So what are the most exciting projects you are working on now?

I’m running influencer marketing campaigns for brands that are established in the U.S. and helping them expand in China via influencer marketing. There, influencer marketing is called KOL marketing, which stands for key opinion leader.

It’s exciting to me because China is a completely different field because Instagram, Facebook, Twitter, and all of the other social media platforms that are available in the US are not available there. Instead, they have their own platforms such as Weibo, WeChat, XiaoHongShu, Taobao, and Douyin.

I’m able to expand on my marketing acumen by familiarizing myself with how to launch campaigns in China.

What are your “Top Five Ideas About How Influencers Can Monetize Their Brand”. (Please share a story or example for each.)

1. Brand collaborations

One of the most common ways to monetize an influencer’s brand is by collaborating with a brand. The brand either sends the influencer products to promote or pay the influencer to promote their product or service.

2. Affiliate marketing

Some influencers regularly curate products that they like and regularly use. Through this method, they’re able to sell these products (without direct relationship from the brand) and get a percentage every time a product is sold using their link or discount code.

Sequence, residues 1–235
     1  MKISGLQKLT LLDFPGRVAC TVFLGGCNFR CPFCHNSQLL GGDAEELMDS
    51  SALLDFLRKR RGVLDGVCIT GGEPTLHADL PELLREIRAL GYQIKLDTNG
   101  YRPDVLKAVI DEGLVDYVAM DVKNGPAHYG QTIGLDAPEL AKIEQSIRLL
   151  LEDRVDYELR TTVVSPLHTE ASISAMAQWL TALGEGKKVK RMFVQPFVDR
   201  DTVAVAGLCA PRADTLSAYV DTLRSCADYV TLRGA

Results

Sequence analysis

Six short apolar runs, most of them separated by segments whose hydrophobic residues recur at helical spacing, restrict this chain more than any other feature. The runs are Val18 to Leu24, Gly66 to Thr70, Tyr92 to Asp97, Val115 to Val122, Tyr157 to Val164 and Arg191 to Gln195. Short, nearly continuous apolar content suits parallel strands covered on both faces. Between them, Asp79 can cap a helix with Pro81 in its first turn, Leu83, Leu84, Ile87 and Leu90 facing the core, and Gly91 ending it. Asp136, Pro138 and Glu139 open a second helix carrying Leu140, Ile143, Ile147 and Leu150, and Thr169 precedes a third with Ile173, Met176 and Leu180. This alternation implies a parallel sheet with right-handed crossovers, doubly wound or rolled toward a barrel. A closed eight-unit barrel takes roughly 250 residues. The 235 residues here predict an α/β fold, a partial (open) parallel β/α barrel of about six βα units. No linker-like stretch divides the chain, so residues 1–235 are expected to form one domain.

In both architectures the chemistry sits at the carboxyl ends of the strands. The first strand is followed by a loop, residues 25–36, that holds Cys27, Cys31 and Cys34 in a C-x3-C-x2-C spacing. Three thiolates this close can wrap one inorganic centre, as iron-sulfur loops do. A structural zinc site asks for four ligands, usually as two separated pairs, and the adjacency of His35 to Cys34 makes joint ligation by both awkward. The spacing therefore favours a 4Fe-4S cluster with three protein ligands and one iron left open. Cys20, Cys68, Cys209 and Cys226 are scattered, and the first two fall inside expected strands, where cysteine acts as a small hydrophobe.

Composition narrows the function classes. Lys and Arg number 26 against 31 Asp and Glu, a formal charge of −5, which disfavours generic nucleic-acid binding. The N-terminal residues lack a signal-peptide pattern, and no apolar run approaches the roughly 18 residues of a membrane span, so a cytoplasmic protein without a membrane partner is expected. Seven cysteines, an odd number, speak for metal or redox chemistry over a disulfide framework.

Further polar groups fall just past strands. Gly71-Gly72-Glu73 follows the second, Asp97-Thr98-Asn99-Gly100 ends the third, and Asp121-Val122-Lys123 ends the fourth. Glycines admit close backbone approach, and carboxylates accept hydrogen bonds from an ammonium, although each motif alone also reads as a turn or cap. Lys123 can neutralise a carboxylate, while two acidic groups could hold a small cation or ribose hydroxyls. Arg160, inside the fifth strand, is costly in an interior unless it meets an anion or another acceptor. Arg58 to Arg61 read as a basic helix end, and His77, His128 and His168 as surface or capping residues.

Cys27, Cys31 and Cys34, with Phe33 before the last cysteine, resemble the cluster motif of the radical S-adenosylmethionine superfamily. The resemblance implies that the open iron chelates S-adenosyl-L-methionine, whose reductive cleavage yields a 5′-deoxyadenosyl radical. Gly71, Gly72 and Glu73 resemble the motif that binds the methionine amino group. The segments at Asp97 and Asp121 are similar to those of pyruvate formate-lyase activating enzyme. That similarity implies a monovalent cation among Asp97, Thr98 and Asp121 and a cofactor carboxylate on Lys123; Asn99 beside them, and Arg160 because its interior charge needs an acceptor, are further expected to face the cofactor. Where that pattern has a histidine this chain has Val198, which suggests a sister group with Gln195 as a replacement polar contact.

3. Selling courses

As influencers, people look up to them for a reason. Some of the most common types of courses sold are workout routines, recipes, and other how-to’s and DIY’s.

4. Creating exclusive content

You can monetize your following by signing up on platforms like Patreon or Paid Followers. Your most loyal followers can subscribe to your account and pay per month, per week, or whatever the platform allows you to.

5. Launching their own business

The biggest influencers launch their own business, which is actually one of the smartest things an influencer can do because their revenue stream is not just stuck into their social media platforms. They’re able to move their followers to other areas either online or offline. Some examples of successful influ-preneurs, (a term I coined; a portmanteau of influencer and entrepreneur) are Nikita Dragun, Bretman Rock, James Charles, and Logan Paul.

We are very blessed that some of the biggest names in Business, VC funding, Sports, and Entertainment read this column. Is there a person in the world, or in the US whom you would love to have a private breakfast or lunch with, and why? He or she might just see this. 🙂

Arlan Hamilton!

I’d love to have a sit down with Arlan, Founder and Managing Partner of Backstage Capital which she built while homeless, who focuses on investing in founders part of underrepresented communities. As a first-generation, gay, Filipino-American, she’s uplifting those who are people like me.

We need more Arlans in the world and I hope to follow her lead and amplify those who part of underrepresented communities as well.

What is the best way our readers can follow you on social media?

The best way you can follow me is on:

Instagram: @aj.cartas

Twitter: @ajcartas

Facebook: AJ Cartas